How can we build on the reasons that already exist to be in different parts of Castle Gateway area and start to experiment with new reasons using ideas suggested in Step 1 (from music to history to pop up food to political debates and protests)?
Working out from what people have said they want to be able to do in Castle Gateway in the future, what infrastructure needs to be designed into the masterplan to enable a greater variety of uses? What “cues” do we need to build into spaces and surfaces to encourage different uses and activities, and how can these be multifunctional and help to create places of beauty?
How can we explore what makes public space work and how can the My Castle Gateway process enable people to visualise/experience how possible changes might feel?
Mix of people: Is it inclusive and accessible?
In all the areas we visited there were people of all ages. The sense of being able to escape town temporarily seemed important to everyone we spoke to from teenagers, families, 20-soemthings to older people. Clearly a serious bench infrastructure enables movement – a point made both by the man sitting amongst the flowers in Museum Gardens and the sisters we spoke to in St Sampson’s Square. Walking is enabled by being able to regularly sit.
Yet the other crucial element was people either deliberately not spending money or not much or were taking a break between bouts of shopping. So this “not spending money” is not disconnected to “spending money”. People had shopping bags. Or had bought take away fast food or coffees. So a place to rest and not spend money is also infrastructure for some people to then go on to do so.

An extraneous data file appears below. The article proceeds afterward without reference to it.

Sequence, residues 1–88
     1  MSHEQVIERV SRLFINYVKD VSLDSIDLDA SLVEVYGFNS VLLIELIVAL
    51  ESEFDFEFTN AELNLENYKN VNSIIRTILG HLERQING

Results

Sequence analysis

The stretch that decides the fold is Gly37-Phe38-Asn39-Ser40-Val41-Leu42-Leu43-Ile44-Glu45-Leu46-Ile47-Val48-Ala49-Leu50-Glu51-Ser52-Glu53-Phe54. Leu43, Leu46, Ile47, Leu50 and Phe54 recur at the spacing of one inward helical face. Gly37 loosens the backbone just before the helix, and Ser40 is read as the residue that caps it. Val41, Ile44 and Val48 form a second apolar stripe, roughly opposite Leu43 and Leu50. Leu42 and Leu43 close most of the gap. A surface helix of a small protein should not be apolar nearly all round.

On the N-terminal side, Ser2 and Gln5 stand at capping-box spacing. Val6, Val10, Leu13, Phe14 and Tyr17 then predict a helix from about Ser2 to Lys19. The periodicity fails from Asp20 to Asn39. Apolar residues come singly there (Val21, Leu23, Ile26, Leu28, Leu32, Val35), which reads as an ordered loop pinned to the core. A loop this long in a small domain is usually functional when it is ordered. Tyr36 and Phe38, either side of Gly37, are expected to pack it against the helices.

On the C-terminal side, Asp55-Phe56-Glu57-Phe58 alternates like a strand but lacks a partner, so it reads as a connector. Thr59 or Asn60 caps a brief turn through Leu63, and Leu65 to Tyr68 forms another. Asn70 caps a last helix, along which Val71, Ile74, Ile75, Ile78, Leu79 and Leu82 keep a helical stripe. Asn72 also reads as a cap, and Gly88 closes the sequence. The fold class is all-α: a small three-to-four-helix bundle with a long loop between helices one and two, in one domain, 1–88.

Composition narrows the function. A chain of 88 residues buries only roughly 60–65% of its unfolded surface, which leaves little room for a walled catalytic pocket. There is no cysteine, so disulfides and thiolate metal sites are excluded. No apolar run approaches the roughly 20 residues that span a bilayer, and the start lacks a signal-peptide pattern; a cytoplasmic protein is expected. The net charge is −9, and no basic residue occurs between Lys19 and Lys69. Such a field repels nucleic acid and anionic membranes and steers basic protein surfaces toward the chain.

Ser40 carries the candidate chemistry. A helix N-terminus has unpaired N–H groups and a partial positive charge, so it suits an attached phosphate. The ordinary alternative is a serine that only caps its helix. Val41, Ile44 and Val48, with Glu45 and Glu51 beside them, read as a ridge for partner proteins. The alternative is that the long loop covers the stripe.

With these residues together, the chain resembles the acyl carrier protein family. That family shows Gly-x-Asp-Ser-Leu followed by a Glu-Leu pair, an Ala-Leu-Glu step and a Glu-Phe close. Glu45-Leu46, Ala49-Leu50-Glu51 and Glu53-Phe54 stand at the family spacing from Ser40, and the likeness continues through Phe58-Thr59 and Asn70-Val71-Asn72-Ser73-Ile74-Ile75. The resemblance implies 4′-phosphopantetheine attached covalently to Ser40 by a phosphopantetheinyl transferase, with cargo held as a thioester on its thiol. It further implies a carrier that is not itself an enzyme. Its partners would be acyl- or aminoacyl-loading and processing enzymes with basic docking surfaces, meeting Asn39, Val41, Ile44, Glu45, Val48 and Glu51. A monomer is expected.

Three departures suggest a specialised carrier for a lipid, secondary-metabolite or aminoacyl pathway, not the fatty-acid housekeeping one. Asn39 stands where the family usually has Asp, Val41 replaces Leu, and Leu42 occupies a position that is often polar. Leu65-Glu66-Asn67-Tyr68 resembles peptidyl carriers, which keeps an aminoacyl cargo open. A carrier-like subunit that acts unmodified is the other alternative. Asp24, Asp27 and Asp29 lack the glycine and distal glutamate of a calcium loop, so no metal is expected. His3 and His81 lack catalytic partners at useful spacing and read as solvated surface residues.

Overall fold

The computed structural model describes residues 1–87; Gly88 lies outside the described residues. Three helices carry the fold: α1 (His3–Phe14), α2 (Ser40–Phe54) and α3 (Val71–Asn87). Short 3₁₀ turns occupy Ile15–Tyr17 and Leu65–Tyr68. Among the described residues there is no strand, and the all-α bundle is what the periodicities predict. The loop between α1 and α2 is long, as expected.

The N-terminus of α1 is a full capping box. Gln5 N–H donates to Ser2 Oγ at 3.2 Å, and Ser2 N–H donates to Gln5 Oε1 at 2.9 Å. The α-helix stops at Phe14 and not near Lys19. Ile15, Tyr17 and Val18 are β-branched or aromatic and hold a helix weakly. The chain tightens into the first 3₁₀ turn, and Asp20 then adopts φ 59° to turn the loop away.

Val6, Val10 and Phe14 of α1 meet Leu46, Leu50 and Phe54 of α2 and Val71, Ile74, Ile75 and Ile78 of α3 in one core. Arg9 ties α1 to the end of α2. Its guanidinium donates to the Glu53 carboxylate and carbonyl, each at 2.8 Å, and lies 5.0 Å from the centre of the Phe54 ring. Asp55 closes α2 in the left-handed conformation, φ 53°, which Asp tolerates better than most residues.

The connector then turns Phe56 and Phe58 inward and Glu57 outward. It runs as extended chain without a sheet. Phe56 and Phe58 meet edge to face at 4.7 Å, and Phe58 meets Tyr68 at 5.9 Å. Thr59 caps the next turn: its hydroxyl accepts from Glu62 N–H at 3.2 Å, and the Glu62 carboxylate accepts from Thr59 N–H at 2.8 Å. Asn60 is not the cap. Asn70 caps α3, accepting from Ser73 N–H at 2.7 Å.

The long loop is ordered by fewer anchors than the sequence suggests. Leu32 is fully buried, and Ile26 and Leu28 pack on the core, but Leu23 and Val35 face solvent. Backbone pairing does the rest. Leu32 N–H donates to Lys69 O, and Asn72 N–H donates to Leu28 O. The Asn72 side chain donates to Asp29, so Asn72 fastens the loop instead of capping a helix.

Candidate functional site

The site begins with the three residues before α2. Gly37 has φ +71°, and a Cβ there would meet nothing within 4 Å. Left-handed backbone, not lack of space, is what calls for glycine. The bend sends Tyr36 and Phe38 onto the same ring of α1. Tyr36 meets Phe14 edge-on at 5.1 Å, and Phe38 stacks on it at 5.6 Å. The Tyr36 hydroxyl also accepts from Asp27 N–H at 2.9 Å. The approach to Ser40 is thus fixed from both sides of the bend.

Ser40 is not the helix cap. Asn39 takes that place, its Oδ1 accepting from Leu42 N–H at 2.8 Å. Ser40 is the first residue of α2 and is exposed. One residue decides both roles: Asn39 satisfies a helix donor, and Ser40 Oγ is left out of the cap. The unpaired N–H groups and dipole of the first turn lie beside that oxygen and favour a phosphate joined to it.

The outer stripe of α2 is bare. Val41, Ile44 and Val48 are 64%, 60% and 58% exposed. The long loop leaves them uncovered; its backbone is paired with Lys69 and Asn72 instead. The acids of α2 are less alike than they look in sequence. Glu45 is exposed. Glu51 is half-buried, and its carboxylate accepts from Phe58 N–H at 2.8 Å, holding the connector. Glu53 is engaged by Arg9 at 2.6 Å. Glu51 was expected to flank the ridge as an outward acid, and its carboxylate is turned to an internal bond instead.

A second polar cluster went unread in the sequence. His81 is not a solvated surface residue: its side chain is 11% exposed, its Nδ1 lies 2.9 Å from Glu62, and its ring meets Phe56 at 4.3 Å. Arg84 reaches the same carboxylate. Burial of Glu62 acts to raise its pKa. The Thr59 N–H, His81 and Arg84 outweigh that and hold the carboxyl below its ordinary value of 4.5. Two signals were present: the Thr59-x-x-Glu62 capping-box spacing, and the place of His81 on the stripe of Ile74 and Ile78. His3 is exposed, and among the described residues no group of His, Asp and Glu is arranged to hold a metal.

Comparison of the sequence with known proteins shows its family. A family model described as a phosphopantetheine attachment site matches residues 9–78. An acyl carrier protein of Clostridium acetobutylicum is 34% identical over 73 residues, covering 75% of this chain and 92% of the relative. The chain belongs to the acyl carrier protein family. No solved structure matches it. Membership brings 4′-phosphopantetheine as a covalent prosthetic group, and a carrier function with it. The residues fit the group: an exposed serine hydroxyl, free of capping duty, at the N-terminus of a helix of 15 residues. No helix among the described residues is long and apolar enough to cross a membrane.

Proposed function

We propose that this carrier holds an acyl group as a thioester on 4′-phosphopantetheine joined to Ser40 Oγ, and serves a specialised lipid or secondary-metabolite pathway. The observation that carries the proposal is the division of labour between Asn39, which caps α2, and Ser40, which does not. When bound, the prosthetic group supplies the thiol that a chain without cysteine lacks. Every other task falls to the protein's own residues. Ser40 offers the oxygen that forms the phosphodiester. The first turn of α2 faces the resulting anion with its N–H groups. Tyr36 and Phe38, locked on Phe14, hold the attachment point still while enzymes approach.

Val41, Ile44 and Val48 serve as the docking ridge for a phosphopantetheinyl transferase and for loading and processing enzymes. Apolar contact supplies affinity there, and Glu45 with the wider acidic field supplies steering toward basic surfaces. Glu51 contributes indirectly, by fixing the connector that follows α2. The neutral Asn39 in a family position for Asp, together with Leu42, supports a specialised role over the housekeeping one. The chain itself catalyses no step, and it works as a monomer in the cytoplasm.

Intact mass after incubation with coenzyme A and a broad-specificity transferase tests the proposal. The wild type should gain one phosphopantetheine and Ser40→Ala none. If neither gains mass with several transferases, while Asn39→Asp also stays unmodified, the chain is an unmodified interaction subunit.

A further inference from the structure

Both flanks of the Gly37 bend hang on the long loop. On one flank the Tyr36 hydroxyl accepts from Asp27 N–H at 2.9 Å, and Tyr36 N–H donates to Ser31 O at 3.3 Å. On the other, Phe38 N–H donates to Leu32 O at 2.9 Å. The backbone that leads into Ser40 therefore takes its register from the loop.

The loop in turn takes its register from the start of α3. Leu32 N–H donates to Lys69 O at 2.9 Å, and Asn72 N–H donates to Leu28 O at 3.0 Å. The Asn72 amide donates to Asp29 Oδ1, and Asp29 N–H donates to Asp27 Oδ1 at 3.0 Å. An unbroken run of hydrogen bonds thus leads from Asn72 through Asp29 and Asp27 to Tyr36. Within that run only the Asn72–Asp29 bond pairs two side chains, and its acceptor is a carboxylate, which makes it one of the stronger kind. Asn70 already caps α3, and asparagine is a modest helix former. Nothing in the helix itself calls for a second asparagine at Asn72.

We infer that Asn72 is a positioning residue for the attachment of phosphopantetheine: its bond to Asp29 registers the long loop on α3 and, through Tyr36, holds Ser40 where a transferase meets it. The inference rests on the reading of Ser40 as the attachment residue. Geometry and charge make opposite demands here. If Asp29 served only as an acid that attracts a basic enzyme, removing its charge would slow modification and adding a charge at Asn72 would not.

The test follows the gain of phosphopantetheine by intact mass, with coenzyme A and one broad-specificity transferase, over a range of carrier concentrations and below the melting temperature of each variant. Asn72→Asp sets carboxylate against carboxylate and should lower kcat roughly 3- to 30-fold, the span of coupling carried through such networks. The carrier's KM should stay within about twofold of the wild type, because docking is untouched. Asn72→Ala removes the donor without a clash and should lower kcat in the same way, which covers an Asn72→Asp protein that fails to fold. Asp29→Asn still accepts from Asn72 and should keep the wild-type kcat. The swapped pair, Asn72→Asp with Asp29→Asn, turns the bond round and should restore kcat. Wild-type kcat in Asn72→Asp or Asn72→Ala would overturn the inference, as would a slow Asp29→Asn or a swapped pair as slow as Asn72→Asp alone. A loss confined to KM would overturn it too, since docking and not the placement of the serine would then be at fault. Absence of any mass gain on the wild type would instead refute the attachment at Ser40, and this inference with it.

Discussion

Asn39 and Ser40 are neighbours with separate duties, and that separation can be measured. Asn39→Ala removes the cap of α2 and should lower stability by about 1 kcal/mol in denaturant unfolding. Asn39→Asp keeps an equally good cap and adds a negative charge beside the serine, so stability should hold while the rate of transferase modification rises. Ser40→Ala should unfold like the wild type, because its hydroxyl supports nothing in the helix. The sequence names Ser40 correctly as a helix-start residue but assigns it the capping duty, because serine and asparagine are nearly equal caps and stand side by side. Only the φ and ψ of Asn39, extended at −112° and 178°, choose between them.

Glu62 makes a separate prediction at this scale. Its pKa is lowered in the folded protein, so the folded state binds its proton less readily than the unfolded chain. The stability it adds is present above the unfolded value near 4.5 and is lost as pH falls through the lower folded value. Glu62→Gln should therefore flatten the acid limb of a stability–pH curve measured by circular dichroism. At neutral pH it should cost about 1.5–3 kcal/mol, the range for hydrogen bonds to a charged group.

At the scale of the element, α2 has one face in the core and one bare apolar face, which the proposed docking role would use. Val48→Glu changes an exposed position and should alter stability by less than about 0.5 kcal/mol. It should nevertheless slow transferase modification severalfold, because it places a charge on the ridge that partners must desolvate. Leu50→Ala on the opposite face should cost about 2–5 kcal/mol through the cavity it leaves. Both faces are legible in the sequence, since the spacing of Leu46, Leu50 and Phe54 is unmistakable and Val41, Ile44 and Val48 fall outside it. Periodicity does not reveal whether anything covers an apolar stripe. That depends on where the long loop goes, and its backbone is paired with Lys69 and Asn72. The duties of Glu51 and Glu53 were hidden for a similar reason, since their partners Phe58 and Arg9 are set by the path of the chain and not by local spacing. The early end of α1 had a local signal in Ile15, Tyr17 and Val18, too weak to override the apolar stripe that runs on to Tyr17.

How can we understand better what makes for inclusive public space? What experiments can we do as part of the My Castle Gateway process to understand this better and model approaches?
How can we understand better – and plan for – the ways in which public spaces interact with walking, retail, cafes and local business?
Is it Comfortable?
We take the idea of comfort from Projects for Public Space ‘What makes a successful place?’ blog. Museum Gardens is full of places that look comfortable. In amongst the flowers, hidden in the Storycircle, spread out on the grass or leaning back to see the view. But while the in town places we visited were packed, did they look comfortable? Maybe not quite. People were packed in, there was a sense of the stop being temporary, bound by time such as a buskers performance or by how long it took to eat fish and chips. Probably this is ok to have different levels of comfort, sometimes edginess, energy and movement might be more important. But seems like in Castle Gateway – reflecting differences expressed in a number of post its – we might ask…
How might we mix up the spaces so there are areas of movement of dynamic turn over of people and also places of comfort and to take your time?
How can we experiment now with making Castle Gateway more comfortable?
Get involved and help develop the brief:
We want to continue to understand how people already use York’s public space.
• Take a photo and share why you like a certain part of town.
• Write a bit of narrative about a part of town, what are you doing and what are other people doing
• Think of an event idea where we can try out and experiment with these ideas